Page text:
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PHILLY OR Pittsburgh


Daniel
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Saturday day, we are going to go to the Barnes Museum, and eat around Redding Terminal. 

you do realize that these are about 15 miles away from each other, right?

i mean, not that that should stop you from doing both things. but the barnes is out in the suburbs (for now) and the terminal is right downtown. so you'll want to plan that into your schedule.

No i didnt... I appreciate it.. So i guess we will go breakfast, Barnes, Redding, drink, nap, dinner. :biggrin: Any place for a good breakfast by the Barnes.

charlie's right about murray's deli. good stuff.

another thing about the barnes is that they have timed tickets that you have to order in advance. so i would think that the timing of your visit and whether you have a car or not would define where you go for breakfast/lunch/etc. the terminal is also good for breakfast if you have to go out to the burbs at lunchtime.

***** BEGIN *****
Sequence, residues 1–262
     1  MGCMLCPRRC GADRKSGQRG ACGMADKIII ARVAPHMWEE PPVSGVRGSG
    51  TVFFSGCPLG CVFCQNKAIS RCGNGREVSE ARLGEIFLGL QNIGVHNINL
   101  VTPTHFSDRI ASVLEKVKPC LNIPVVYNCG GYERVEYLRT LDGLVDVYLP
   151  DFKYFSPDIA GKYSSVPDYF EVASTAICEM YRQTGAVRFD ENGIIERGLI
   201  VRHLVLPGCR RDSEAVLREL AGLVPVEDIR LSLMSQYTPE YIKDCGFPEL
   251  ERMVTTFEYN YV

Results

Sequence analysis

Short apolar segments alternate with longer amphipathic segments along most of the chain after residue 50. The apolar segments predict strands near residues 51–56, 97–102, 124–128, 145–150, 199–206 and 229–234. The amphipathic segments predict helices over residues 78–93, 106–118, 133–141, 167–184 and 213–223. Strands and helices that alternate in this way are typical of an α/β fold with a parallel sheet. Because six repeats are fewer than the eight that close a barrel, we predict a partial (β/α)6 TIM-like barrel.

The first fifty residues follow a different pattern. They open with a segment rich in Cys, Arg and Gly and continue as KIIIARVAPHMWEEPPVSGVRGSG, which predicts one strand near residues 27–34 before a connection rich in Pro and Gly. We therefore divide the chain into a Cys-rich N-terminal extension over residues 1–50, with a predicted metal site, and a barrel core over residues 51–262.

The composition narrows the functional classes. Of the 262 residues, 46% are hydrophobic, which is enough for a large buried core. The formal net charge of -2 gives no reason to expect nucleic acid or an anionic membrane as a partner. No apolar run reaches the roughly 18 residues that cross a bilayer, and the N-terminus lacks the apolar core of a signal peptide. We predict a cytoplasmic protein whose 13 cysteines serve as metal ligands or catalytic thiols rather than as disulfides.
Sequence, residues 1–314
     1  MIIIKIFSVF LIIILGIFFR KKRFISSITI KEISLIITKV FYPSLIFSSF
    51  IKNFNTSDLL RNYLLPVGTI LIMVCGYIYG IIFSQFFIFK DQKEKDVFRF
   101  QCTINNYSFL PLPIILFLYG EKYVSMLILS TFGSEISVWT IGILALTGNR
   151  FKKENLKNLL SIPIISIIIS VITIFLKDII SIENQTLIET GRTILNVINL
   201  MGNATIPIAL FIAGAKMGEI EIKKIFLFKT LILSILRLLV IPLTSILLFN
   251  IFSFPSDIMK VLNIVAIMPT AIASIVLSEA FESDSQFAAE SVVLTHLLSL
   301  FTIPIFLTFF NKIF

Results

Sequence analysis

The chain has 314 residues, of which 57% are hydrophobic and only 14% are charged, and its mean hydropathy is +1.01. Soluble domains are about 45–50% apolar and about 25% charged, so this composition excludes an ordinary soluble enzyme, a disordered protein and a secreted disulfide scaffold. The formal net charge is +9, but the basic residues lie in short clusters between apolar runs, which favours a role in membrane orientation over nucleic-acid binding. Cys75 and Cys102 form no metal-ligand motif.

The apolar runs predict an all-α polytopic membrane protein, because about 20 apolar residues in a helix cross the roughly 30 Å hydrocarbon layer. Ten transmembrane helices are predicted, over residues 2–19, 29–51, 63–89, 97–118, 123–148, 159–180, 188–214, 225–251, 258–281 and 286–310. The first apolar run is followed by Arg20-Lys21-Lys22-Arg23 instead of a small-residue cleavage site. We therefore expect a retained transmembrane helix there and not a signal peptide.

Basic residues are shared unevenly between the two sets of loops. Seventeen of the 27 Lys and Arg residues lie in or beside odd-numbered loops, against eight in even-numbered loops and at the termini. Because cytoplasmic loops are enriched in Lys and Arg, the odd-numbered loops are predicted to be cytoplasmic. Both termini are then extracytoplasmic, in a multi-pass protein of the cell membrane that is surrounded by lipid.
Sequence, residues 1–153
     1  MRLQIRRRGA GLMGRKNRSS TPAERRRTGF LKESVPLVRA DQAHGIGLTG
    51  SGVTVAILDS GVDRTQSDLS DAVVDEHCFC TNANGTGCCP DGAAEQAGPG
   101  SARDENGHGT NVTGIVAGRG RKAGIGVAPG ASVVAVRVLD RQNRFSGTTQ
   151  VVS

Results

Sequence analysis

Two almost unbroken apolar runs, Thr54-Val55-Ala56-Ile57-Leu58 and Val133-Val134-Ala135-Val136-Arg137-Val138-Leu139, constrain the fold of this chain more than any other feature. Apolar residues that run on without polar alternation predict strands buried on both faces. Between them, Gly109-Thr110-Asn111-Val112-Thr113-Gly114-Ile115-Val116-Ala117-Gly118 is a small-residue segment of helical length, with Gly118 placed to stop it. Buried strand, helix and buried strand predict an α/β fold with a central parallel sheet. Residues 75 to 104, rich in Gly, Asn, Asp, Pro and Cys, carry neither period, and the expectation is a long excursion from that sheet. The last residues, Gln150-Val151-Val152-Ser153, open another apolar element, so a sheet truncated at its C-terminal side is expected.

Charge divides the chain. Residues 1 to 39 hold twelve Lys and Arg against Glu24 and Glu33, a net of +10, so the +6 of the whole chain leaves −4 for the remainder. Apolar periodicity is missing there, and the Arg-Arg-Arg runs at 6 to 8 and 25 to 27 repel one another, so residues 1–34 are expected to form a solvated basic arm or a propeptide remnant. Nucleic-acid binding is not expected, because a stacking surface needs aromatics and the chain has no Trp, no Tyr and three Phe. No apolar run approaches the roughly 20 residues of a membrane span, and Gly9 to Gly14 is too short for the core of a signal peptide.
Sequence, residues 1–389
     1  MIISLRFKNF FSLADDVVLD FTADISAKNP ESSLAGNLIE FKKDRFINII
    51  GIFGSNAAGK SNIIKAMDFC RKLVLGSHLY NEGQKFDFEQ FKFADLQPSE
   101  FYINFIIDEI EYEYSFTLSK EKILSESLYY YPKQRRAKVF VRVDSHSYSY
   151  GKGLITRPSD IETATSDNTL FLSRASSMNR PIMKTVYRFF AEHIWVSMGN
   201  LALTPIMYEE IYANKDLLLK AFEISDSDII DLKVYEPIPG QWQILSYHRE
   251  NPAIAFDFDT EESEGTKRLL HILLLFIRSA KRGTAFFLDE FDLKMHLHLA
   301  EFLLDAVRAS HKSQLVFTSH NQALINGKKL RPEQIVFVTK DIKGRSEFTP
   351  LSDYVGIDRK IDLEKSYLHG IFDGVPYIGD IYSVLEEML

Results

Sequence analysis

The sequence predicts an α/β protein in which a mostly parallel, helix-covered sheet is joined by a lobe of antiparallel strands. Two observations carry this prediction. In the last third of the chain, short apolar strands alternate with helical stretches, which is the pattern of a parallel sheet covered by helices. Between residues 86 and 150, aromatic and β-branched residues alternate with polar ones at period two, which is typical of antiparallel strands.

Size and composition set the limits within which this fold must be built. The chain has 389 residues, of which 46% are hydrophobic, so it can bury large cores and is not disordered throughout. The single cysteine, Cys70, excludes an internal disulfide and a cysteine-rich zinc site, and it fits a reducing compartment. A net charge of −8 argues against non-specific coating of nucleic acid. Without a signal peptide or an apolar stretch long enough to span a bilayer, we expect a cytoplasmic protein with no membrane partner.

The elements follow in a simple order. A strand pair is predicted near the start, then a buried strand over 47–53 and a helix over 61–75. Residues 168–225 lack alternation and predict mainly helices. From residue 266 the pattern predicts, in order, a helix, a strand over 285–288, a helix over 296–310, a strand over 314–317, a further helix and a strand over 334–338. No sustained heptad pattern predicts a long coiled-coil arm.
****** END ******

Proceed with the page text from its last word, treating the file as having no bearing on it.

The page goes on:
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I've never been to this place, but there was a passing compliment on a NY Pizza thread about Il Pizzaiolo in Pittsburgh.

That post is here.

Not that NYC folks visiting Pittsburgh would necessarily want to eat pizza, but I might check it out next time I'm out west...

"Philadelphia’s premier soup dumpling blogger" - Foobooz

philadining.com

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Yeh.. I definately caught that mention also.. I have that in my  Pittsburgh folder.  Would definately grab a slice or a pie, but that will be an after dinner visit.

Just make sure not to ask for a pie - Pittsburghers (among others) will look at you perplexed. "Pizza Pie" seems to be more of a New York term.

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Daniel:

Don't forget to have the Brink's truck pull around the back of Morimoto's before you get the bill. I'd be curious to see your opinion of the place after the fact. That's all I'm going to say about it.

Italian Market AND Reading Terminal are both must see locales for local flavor and shopping. Don't miss Fisher's Pretzel's in the RTM. Don't miss Claudio's Caseficio, a relatively new mozzarella cheese factory in the Italian Market. The balls of cheese are still warm when you buy them. There are no words to describe how yummy they are.

This Article may provide further insights into things to see and eat while you're here.